Deltoid vs The Thunderer

My recent scuffle with the Oz, is one of a long line in which a paper which was once (long ago, and only for a few years, but still) Australia’s best has had it out with bloggers, mostly coming off second-best. After being shredded in its fight with the psephbloggers in 2007, and having long since abandoned any claims to credibility, the Oz is not much of a scalp to hang on your belt these days.

A much more interesting match-up is between Tim Lambert’s Deltoid and the Times of London, as represented by their laughably mis-titled ‘Science’ reporter Jonathan Leake. With more than 200 years as the world’s best known newspaper of record, the Times ought to be a shoo-in. But Murdoch ownership erodes credibility at a startling rate, and Lambert has Leake dead to rights. I’m betting on a TKO for Deltoid.

Starting with Leakegate (Leake’s role in pushing the anti-science lies associated with ClimateAuditGate), Lambert has pointed out all manner of journalistic malfeasance on Leake’s part. The Times wisely stuck to dignified disregard for a while, but, like the Oz, they couldn’t keep it up. Leake had a fellow reporter call Lambert and claim to be doing a general story on science blogging. She didn’t manage to get much but ran a hatchet job anyway. Now, as Lambert is reporting, Leake is getting banned from all sorts of places for such malfeasance as breaking embargoes. You can read the whole story here.

35 thoughts on “Deltoid vs The Thunderer

  1. Kanazawa could have made a strong point buried in there somewhere, though. The point he wants to make is his surmise that catastrophic change can select for species that will go extinct quicker under less catastrophic conditions than would some species killed off in the catastrophe. Another point is that from a fossil record point of view it might be harder to point out just-so story logic in the selection process. It’s certainly food for thought.

    Darwin thought human evolution would slow down to a crawl in the strictest sense – that the human species wouldn’t change much genetically, except in a greater predominance in previously survival-poor traits. One of many notions corrected by modern genetics, because human evolution is in fact still ongoing – it’s a subjective freeze like watching the teakettle come to a boil on medium heat. It’s not fast or dramatic enough for sociobiology to be interested, or pop science, but it’s definitely there. Mutation, random selection, genetic drift – the whole thing is at work in the human population. There may be SUPERIOR MUTANTS among us! 1% less likely to contract cervical cancer! Better able to digest beets! The possibilities are endless.

  2. Kanazawa is talking out of his posterior orifice. Evolution is a change of allele frequencies in a gene pool; this obviously does not only happen when the environment is unchanging over many generations — how absurd, and contrary to biological science. His “evolution can’t happen because nature can’t determine which traits to select and which to eliminate” is beyond ridiculous, implying a strong teleology in nature that does not exist at all, and flying in the face of simple and obvious facts. What, he thinks no traits were eliminated in any of the mass extinctions on this planet that resulted from radical change in the environment?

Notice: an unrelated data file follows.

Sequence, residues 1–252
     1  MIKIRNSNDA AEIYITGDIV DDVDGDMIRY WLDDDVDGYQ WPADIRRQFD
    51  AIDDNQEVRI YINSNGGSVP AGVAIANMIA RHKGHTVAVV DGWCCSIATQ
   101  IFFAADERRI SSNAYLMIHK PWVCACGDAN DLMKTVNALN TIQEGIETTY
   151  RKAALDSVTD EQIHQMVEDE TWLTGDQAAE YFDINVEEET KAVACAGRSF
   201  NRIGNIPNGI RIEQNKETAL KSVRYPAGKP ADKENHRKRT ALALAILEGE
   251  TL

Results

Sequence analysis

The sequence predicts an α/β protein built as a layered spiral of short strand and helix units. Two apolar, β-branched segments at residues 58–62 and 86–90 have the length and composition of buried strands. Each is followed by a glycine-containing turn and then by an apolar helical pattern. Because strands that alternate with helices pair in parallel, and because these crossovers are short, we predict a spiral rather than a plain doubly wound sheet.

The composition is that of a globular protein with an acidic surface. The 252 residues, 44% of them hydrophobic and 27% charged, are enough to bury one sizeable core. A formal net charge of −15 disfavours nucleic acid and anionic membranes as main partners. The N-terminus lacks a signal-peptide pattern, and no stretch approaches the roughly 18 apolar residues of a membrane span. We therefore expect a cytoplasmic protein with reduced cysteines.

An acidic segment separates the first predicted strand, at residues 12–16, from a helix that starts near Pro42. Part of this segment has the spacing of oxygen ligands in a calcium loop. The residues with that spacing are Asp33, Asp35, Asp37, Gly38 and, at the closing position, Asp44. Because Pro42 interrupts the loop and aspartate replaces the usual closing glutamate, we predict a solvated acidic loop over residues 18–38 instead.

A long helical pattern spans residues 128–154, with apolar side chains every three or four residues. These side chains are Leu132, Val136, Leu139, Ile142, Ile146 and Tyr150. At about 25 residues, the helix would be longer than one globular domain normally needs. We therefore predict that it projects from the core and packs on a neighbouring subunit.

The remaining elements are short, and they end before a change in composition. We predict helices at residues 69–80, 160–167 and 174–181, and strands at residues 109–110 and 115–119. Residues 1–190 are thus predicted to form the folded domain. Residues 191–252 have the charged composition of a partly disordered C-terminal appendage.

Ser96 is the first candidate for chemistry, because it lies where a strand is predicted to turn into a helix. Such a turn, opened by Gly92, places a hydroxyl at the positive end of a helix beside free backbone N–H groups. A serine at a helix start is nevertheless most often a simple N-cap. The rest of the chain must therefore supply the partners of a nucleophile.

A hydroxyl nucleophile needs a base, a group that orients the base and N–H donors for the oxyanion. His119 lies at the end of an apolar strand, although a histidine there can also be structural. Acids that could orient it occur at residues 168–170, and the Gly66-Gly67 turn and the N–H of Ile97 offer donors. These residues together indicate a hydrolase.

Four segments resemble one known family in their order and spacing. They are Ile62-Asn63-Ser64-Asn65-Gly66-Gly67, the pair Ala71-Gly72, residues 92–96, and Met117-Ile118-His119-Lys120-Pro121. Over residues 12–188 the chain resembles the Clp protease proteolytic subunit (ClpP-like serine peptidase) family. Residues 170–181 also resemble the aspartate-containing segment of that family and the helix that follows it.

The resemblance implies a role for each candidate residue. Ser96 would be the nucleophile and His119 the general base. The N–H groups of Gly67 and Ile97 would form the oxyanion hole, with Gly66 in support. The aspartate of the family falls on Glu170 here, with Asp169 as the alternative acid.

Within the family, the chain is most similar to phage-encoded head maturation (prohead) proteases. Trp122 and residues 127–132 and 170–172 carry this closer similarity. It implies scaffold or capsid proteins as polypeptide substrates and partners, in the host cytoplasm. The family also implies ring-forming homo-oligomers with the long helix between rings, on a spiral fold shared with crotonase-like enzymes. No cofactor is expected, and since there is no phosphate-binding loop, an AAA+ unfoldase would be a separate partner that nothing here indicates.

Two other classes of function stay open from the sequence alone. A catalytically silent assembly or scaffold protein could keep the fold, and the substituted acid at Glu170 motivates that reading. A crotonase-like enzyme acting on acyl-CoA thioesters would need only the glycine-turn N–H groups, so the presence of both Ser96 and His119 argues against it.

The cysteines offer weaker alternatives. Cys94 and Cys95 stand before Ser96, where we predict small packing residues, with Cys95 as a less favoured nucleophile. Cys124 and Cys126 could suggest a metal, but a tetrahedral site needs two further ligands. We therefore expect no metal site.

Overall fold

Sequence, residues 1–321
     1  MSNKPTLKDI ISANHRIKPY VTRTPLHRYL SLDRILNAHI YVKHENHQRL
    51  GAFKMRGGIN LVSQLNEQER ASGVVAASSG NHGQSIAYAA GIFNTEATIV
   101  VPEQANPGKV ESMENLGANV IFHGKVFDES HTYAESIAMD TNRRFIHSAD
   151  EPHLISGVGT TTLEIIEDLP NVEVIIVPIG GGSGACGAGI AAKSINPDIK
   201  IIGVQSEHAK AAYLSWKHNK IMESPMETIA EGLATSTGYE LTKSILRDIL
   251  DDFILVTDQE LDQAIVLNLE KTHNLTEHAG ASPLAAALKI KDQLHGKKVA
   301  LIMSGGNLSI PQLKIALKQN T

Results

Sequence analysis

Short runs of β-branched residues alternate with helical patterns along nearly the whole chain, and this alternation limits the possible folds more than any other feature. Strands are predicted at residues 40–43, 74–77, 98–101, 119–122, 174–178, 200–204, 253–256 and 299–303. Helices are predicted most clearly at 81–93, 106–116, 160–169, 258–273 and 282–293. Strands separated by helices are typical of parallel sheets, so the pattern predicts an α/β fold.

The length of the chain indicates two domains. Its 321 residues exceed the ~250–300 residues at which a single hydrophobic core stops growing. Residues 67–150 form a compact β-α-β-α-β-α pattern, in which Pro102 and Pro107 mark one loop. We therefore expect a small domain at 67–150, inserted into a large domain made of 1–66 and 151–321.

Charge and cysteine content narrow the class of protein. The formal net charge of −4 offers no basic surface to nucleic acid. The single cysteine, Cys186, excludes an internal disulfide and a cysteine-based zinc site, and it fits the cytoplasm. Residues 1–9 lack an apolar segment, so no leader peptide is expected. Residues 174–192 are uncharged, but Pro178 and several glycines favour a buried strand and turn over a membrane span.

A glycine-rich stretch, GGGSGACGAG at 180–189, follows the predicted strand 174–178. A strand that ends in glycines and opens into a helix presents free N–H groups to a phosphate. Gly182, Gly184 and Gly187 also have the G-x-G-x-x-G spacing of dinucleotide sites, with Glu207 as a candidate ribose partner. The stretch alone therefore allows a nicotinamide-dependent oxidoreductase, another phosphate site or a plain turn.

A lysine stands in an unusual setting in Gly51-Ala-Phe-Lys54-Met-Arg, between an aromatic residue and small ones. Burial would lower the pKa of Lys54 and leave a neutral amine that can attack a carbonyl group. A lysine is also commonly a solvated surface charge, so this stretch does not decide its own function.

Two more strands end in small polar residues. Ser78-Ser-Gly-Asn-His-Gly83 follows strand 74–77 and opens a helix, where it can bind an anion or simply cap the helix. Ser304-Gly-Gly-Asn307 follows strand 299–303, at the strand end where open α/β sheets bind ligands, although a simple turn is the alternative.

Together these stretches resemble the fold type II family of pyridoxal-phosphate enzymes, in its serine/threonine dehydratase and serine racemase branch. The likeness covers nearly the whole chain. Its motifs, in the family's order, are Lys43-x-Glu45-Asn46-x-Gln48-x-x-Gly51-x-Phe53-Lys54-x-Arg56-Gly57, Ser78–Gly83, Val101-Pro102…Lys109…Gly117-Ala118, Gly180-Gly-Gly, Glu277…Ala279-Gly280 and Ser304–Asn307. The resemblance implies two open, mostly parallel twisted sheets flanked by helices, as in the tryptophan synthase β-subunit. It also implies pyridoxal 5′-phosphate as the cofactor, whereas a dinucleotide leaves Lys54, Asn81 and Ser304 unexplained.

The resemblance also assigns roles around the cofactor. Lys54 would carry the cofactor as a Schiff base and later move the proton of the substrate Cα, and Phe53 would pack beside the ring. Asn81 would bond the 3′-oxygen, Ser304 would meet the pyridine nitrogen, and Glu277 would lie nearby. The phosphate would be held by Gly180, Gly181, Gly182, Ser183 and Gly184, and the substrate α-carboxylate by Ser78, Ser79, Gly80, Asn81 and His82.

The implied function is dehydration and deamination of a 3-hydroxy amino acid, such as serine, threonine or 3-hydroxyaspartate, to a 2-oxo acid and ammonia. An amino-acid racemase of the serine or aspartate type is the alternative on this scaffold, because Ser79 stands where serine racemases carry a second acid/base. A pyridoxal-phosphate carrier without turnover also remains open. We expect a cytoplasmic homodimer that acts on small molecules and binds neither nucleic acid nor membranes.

“The point he wants to make is his surmise that catastrophic change can select for species that will go extinct quicker under less catastrophic conditions than would some species killed off in the catastrophe.”

    That’s not what he said, and rather than being a “strong point”, that “surmise” and “can” makes it as weak as possible. Of course catastrophic change can select traits that are less resilient in stable conditions, but there’s no reason to think it generally will.

    “There may be SUPERIOR MUTANTS among us!”

    Superiority is not a biological concept.

    ” Better able to digest beets!”

    You can detect them by their big ears and feet and their small brains.

  3. P.S. I don’t think it’s at all a stretch to say that Kanazawa is a pseudoscientist who gives evolutionary psychology — which is already eyed skeptically by many scientists — a bad name, or that he is a loon. From

    “Imagine that, on September 11, 2001, when the Twin Towers came down, the President of the United States was not George W. Bush, but Ann Coulter. What would have happened then? On September 12, President Coulter would have ordered the US military forces to drop 35 nuclear bombs throughout the Middle East, killing all of our actual and potential enemy combatants, and their wives and children. On September 13, the war would have been over and won, without a single American life lost. Yes, we need a woman in the White House, but not the one who’s running (Hillary Clinton, ed.)”.

    I actually don’t think that Ann Coulter is quite that reckless.

  4. In referring to”superior mutants”, Marcel Kincaid is referring indirectly to folk like Albrechtsen and Milne?
    Much of the problem with public broadcasting seems to come from the Labor Right’s tardiness in dismantling the apparatus established during the Howard years.
    The worst example is the most egregious, as well as the most recent, involving that vicious attack from Zionist Howardist crank and board chairman Maurice Newman and the quarrell he’s picked with people like Jonathon Holmes.
    Many thought the problem with the ABC involved its head news honcho, surname of Cameron I think. But since his replacement by a woman who’s name escapes me, last year, the process downhill has accelerated rather than eased in the wake of the change of government.